The Clean Energy Corridor Clarified

You have seen the signs and the TV ads literally littering Maine regarding the New England Clean Energy Corridor (NECEC), aka the CMP transmission line from Quebec to just above Lewiston. Some oppose and others support. No doubt when people go to vote in May they will be approached by advocates and opponents of the line.

While the following goes into great detail about the Corridor, the bottom line to voters is simply this: building the Corridor requires a tradeoff, the loss of 53 miles of a 115-foot swatch of commercially harvested forest, for at least a 10% reduction in the carbon content of electricity delivered to New England customers.

Unfortunately, this issue has not been immune from what has become a common tactic with many political issues – grossly misleading, if not downright false statements to rationalize a position. Hopefully, the following will allow people to be better informed when they are asked to vote on this topic in November.

The delivered electricity does not go to Massachusetts.

When the power leaves the NECEC just north of Lewiston it enters the 6 state New England Power Pool and is instantaneously blended with all the power in the system. There are no direct paths to Massachusetts or any other states, there are no state grids. It is all interconnected. Massachusetts residents are paying for that power and getting most of the environmental credit, but many people do not understand that in power grids, dollars do not flow with electrons.

One way to think of this system is to visualize a very large bathtub that has multiple faucets filling it and multiple drains emptying it. The tub is the grid, and grid operators must constantly match “water” coming in from power plants and other transmission lines with water draining (consumption) to keep the level of water perfectly level. The NECEC is just one more faucet and when its water is released it blends with everything there.

The details:

There are 9 regional grids in the US, referred to as either regional transmission operators (RTOs) or Independent System Operators (ISOs). They are all interconnected through interties (except for Texas, whose interties have such low capacity they are effectively an island).

ISO-NE is part of the Eastern Interconnection, along with ISONY, Ontario, Quebec and New Brunswick:

In the case of New England, ISO-New England (ISO-NE) is the regional grid, and it has 13 interties with other systems. Interties 10 and 11 are with Quebec Hydro, 12 and 13 with New Brunswick:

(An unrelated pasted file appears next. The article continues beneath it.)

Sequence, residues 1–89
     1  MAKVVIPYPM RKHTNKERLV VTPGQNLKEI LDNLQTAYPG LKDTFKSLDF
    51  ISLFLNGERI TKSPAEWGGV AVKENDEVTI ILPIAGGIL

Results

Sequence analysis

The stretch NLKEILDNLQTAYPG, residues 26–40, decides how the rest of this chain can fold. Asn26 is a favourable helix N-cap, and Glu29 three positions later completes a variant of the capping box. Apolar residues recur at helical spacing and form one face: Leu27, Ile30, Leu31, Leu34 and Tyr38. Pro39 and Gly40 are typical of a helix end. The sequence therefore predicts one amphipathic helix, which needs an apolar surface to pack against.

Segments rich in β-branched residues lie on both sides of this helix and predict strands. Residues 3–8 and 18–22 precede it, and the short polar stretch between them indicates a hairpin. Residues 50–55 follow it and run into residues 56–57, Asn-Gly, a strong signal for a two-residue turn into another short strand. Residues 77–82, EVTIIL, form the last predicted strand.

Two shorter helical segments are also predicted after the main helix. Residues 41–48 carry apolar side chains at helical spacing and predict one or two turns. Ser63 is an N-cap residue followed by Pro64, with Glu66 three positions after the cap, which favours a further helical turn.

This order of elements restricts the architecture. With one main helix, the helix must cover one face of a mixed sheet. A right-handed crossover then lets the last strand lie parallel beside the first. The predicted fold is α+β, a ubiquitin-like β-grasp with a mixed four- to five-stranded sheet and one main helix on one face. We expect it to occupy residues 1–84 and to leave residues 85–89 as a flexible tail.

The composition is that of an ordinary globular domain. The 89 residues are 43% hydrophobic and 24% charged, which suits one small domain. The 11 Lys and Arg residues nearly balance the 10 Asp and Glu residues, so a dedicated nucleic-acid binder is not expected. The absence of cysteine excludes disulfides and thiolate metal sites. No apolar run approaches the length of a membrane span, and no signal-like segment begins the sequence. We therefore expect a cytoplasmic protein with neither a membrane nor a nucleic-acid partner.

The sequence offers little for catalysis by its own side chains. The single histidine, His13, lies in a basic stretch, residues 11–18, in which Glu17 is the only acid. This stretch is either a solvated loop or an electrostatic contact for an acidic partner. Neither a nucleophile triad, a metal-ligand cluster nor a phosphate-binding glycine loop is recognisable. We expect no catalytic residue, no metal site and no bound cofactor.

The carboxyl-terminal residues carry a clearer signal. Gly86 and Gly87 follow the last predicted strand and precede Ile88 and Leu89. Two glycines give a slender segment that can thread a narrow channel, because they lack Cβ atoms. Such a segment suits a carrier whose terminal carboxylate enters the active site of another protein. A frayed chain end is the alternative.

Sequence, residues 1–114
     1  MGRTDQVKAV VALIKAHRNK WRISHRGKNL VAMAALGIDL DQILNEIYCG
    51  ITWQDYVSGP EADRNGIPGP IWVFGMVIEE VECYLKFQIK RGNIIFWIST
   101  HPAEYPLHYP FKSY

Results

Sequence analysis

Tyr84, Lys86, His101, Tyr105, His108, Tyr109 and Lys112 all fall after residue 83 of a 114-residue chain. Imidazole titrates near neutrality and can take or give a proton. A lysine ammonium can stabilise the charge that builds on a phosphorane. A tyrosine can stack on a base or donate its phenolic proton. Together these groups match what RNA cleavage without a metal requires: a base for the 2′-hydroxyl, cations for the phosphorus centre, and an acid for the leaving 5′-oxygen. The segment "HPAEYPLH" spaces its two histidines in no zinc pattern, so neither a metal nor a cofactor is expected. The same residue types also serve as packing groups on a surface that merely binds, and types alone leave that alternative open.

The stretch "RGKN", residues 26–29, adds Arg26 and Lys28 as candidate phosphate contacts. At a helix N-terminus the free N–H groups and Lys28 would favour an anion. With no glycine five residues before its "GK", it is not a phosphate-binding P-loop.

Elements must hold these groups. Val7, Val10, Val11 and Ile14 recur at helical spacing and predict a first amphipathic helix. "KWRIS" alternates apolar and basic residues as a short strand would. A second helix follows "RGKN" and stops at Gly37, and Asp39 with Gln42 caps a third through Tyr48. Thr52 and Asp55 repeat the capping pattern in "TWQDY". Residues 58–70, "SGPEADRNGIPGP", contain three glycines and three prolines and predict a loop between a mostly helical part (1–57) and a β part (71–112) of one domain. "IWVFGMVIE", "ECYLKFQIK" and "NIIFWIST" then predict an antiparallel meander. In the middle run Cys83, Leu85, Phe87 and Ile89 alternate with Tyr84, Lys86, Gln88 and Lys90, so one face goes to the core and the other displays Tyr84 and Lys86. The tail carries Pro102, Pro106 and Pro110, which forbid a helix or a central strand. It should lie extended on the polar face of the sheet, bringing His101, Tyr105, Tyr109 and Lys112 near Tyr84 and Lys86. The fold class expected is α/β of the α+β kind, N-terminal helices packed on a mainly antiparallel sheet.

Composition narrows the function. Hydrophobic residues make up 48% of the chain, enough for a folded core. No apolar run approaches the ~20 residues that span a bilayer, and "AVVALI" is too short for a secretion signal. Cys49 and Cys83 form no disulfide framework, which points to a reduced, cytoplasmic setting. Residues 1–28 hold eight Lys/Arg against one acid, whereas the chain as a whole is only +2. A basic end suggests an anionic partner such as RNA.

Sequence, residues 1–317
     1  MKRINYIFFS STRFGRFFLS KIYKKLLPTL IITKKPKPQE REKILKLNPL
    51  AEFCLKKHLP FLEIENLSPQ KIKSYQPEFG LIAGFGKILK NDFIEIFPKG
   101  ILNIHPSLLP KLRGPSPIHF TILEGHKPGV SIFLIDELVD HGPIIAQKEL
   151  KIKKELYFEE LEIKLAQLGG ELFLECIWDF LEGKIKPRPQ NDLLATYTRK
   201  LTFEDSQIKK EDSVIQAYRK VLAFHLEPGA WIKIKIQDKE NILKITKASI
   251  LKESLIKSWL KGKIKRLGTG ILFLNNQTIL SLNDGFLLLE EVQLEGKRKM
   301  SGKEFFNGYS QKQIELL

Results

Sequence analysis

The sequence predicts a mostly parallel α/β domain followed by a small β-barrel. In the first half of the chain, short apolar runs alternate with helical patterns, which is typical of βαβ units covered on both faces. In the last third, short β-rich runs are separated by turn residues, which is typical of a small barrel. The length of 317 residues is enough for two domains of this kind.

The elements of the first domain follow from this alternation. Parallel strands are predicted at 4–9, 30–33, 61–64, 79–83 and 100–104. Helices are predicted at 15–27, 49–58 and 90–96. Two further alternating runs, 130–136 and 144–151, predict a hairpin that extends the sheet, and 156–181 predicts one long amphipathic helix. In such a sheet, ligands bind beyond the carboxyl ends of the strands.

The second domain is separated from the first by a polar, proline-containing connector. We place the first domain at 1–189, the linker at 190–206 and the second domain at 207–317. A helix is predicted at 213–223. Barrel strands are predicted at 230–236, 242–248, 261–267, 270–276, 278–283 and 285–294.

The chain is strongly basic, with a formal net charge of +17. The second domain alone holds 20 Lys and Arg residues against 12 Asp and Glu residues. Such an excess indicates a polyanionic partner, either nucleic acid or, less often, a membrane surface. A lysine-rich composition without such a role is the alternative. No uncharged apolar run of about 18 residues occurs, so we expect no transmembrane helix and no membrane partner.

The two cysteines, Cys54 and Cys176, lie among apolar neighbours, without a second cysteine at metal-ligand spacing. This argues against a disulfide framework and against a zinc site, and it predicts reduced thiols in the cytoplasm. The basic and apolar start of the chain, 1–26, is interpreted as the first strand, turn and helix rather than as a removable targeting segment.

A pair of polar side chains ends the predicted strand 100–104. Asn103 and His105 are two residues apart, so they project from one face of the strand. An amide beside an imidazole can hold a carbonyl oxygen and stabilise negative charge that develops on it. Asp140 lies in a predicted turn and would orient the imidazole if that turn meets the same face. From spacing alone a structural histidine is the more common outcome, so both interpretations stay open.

With the exception of these interties, the 6-state region functions as one system without consideration for state boundaries. Geographically it looks like this:

But if you show the actual system network it looks like this:

Since this system is Alternating Current (AC) current moves through wires back and forth 60 times a second. Physics tells us that when you put current into a circuit, network or grid, it flows everywhere. Even though there are contracts for the sale of electricity from point A to point B within a grid, these are merely accounting for the dollars involved; the idea the electricity actual goes directly from A to B is a fiction.

High Voltage Direct Current (HVDC) lines are point to point and do not interact with the rest of the grid between entry and exit. The NECEC itself is an HVDC line. At its terminus in Maine, the DC electricity is converted to AC and enters the ISO-NE grid.

When the NECEC operates, natural gas power plants are displaced and their carbon emissions stop.

Referring back to the bathtub analogy, that new NECEC faucet adds a huge amount of water into the tub, but no new drains are added (consumption stays the same). So in order to keep the tub level and equal amount of electricity that had been pouring into the tub needs to be shut off. In the New England pool, the units shut to allow for the NECEC’s influx would all be natural gas fired plants. Millions from natural gas power plant and pipeline operators are funding opposition to the line, as it represents a real threat.

By displacing these natural gas plants with zero emissions electricity, the NECEC could lower the greenhouse gas intensity of New England grid power by between 10% and 15%.